A drug treatment program in a jail in Bellingham, Washington is being debated after an injunction was filed by the American Civil Liberties Union (ACLU).
The Whatcom County Jail and Sheriff’s Office were approached approximately a year ago by the ACLU. The ACLU wanted them to alter their policies to help inmates who struggled with opioid use disorder gain access to buprenorphine and methadone medication-assisted treatment (MAT) programs. When the ACLU noticed that there was no change to the drug treatment program, they filed a lawsuit.
The lawsuit claimed that the county jail and Sheriff’s offices were denying MAT to inmates for their opioid addictions, despite providing other forms of medication.
Despite this, Whatcom representatives have relayed that they were planning to allow this transition to take place. A representative from the county jail announced that a plan has been in the works since March to allow inmates struggling with opioid use disorder to be given managed buprenorphine. The timeline for this was set for July and the form of MAT detox would be administered between a three to five day range.
Inmates in Washington State have had troubles with substance use disorders and there has not always been help for them after release.
A study conducted by the U.S. National Library of Medicine National Institutes of Health with prisoners released from state jails from 1999 to 2009 revealed that there were 76,208 former inmates who had struggled with substance use disorder.
The results indicated that opioids were involved in 14.8 percent of all deaths after release from prisons. Overdose was the leading cause of death on a 167 per 100,000 person per year ratio. Additional information illustrated that 8.3 percent of those who died from overdose-related causes were between the ages of 15 and 84.
The issue with drug overdoses has not improved much since then. There were 26 accidental drug-related overdoses in Whatcom County in 2017 and 23 deaths related to drugs in 2016, according to reports from the Whatcom County Medical Examiner’s Office.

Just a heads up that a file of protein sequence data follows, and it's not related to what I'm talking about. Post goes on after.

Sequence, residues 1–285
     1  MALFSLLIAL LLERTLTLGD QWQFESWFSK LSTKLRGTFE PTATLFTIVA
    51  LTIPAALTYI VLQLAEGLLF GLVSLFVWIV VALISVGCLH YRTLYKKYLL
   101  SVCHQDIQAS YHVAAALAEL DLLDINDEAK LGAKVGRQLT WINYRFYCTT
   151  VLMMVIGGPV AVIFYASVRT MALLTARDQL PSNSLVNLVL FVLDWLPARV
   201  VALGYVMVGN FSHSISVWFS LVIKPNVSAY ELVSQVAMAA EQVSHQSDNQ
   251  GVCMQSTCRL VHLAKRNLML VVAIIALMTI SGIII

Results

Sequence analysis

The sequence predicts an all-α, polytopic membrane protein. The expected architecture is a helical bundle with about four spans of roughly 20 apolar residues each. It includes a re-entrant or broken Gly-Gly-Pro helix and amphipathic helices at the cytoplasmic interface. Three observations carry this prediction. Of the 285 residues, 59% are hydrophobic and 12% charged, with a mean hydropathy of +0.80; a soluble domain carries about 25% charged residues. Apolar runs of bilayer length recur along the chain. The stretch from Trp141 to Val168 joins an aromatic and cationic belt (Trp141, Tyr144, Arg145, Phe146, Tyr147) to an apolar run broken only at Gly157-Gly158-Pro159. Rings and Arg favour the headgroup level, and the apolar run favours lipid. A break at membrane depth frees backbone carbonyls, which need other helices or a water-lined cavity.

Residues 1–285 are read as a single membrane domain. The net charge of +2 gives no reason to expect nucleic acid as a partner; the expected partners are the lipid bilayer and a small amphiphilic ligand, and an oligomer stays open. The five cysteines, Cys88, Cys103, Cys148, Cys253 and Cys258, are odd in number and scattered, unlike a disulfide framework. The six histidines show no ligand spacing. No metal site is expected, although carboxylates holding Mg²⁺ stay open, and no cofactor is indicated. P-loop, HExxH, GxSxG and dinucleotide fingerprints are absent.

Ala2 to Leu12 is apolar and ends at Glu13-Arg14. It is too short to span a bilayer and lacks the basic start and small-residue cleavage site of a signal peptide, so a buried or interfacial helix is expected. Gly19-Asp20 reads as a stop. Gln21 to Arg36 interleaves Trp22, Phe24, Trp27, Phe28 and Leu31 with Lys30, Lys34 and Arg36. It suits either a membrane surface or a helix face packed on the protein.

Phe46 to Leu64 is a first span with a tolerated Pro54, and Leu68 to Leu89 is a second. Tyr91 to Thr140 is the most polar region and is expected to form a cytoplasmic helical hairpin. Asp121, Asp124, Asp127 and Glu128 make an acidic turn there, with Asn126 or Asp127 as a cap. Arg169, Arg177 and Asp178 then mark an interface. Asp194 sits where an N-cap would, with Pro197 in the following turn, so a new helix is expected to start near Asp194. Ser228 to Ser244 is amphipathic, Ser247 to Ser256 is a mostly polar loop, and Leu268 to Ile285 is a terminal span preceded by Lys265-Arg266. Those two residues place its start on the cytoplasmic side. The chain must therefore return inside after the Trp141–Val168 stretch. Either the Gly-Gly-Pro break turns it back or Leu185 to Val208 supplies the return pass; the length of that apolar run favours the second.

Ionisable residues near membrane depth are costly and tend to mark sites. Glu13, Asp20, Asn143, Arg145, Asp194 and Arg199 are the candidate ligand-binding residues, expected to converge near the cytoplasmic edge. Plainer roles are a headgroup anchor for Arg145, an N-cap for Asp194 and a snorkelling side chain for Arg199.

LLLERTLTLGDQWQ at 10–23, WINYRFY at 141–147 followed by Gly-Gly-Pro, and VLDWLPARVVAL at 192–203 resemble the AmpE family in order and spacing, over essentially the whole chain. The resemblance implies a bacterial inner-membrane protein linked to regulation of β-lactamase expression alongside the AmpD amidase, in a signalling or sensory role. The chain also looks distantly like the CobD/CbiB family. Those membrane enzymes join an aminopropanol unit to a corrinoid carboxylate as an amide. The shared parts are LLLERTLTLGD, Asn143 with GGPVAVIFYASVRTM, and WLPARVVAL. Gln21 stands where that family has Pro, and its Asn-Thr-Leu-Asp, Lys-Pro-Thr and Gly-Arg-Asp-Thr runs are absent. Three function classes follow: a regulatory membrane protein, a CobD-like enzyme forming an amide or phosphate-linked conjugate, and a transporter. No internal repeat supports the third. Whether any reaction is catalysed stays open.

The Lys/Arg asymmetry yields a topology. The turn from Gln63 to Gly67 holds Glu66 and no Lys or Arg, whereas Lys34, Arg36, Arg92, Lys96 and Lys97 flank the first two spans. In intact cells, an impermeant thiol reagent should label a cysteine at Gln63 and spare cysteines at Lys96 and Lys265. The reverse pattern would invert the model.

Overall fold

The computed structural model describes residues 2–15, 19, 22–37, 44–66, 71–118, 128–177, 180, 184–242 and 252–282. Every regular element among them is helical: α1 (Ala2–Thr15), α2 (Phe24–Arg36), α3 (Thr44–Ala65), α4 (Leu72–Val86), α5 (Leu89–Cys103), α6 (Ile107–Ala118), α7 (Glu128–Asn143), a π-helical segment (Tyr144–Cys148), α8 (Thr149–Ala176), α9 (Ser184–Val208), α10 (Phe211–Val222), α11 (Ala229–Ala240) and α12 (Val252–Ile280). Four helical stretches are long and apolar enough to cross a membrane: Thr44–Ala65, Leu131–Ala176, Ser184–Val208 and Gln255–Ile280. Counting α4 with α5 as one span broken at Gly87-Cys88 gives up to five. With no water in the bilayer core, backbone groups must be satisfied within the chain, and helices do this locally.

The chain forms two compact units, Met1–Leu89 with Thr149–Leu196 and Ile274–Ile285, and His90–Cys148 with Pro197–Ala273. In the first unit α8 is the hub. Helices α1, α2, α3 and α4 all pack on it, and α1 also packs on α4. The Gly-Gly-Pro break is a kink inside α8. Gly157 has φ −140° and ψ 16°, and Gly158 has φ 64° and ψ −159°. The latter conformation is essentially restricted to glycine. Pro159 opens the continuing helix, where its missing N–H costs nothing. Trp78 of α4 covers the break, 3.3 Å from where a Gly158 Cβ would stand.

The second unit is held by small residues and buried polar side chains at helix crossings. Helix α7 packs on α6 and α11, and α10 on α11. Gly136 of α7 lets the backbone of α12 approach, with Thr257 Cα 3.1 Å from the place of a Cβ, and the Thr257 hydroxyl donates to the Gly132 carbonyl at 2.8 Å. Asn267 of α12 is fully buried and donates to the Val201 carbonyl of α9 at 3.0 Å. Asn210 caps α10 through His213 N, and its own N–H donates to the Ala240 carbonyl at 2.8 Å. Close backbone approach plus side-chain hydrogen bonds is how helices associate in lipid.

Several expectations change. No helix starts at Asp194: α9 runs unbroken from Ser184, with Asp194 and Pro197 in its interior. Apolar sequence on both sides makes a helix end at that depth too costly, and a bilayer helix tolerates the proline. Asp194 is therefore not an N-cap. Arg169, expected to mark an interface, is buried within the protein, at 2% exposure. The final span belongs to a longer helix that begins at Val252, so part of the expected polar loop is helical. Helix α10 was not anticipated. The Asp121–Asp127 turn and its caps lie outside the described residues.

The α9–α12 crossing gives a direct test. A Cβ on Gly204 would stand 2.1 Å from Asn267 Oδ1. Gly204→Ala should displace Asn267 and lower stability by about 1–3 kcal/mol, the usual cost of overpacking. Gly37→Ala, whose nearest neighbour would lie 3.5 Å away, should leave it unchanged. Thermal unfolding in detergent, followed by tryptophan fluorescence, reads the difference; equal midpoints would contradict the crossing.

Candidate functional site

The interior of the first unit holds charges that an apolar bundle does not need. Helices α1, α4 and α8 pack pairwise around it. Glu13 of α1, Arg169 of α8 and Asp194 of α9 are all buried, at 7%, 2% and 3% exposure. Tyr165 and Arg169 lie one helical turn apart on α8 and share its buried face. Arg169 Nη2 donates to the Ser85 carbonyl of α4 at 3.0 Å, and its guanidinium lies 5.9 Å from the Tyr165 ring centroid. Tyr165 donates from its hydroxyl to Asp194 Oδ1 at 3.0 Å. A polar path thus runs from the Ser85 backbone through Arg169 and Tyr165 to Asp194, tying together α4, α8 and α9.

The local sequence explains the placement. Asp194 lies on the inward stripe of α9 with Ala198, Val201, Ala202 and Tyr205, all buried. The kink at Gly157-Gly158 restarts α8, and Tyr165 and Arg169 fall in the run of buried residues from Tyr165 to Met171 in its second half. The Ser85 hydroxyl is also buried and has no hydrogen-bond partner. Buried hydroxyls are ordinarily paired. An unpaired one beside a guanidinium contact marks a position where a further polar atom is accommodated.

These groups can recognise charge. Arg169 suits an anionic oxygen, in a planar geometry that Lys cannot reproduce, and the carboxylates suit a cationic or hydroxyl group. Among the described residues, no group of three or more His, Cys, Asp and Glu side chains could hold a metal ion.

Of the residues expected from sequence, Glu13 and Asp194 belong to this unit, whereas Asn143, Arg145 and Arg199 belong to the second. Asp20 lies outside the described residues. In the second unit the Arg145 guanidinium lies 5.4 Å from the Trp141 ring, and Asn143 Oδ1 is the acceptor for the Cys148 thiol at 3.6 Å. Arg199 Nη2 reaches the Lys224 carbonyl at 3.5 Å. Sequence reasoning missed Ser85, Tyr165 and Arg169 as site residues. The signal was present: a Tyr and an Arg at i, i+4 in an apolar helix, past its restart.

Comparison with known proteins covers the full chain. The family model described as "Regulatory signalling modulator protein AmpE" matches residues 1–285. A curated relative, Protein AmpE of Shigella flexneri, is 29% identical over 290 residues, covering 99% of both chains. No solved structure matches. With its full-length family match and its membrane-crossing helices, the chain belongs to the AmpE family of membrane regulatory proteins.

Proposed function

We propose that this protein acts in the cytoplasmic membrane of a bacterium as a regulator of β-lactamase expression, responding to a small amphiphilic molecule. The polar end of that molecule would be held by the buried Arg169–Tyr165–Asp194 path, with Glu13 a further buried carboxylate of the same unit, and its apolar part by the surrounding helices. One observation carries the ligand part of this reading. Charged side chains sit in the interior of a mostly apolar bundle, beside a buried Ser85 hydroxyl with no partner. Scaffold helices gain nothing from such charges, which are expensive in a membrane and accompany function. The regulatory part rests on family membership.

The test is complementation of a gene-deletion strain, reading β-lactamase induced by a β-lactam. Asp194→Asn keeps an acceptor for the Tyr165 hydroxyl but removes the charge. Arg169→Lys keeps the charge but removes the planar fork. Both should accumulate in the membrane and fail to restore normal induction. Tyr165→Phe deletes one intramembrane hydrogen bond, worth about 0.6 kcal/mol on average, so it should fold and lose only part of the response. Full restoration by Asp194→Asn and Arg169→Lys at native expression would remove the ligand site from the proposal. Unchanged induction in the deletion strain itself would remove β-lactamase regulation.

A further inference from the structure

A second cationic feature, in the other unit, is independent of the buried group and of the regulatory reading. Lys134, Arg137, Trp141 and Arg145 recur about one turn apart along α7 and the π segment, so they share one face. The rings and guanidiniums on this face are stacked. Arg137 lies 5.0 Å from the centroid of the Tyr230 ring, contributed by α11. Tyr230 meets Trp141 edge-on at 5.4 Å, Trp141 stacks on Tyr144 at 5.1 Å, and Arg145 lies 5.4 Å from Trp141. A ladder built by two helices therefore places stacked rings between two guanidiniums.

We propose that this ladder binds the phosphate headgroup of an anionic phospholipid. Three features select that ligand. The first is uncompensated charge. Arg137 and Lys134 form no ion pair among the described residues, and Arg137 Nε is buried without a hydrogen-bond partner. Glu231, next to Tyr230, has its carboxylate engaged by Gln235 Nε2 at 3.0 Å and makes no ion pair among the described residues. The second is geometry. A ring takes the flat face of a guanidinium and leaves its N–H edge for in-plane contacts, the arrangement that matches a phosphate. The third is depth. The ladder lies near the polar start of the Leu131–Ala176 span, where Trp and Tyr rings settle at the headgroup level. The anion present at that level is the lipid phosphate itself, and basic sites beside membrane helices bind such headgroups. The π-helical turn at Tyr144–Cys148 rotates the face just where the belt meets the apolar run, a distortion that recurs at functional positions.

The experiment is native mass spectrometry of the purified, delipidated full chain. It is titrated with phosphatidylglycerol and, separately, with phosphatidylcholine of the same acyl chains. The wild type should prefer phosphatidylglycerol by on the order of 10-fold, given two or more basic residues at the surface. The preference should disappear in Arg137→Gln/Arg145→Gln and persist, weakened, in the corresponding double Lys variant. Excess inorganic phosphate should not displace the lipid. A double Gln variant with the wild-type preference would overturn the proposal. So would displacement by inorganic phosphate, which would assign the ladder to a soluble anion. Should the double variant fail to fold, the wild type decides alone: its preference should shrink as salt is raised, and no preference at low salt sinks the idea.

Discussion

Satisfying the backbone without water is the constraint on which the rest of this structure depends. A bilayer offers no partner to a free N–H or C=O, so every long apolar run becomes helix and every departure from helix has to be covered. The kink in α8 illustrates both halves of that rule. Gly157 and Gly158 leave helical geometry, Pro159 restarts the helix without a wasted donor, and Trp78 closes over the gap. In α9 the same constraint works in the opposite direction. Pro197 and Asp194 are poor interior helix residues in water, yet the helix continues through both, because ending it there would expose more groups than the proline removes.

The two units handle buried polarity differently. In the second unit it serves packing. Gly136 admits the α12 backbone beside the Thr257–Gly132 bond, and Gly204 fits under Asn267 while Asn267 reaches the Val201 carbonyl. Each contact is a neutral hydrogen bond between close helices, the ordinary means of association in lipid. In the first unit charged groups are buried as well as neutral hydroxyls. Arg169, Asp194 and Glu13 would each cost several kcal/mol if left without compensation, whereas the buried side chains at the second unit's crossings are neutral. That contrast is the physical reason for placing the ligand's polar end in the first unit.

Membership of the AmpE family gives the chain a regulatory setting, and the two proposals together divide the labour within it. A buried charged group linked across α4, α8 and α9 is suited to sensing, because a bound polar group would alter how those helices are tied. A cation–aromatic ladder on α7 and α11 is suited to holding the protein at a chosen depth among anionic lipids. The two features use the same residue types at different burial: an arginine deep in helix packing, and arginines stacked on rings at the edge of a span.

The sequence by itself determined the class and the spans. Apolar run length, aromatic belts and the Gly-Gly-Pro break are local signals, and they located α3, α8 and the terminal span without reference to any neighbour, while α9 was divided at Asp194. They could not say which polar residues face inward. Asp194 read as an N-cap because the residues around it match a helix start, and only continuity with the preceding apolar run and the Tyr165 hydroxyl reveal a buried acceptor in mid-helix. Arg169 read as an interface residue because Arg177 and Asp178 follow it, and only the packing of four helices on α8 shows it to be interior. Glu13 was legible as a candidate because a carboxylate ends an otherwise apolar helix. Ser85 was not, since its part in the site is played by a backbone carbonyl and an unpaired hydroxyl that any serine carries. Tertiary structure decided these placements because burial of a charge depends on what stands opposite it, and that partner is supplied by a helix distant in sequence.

The lawsuit that the ACLU has filed seeks to prevent more drug-related overdoses from occuring as they contend that the county jail breached the Americans with Disabilities Act.
The complaint states that the county jail has unfairly excluded the group of inmates struggling with opioid use disorders and increased the potential of drug-related overdoses if they don’t receive the treatment upon release from jail.
The policy that Whatcom County jail currently employs includes allocating medication to people who have prescriptions but prisoners can buy any over the counter medication that they need.
When women check into the jail, they are examined and those who are pregnant are prescribed buprenorphine.
The lawsuit stated that the Whatcom County jail discriminated against women who were not pregnant by not giving them the same treatment as women who were. The court records indicated that other inmates could only receive over-the-counter medication.
The ACLU stated that the policy does not prevent people from relapsing because these over-the-counter medications interfere with the MAT plan that the patient was receiving before they became incarcerated.
The ACLU brought the lawsuit on behalf of two inmates who claimed that their drug treatment program with MAT was halted when they were arrested. The inmates alleged that Whatcom County has hindered their efforts to help recover by not giving them access to proper drug treatment programs and increasing the difficulty of finding treatment after.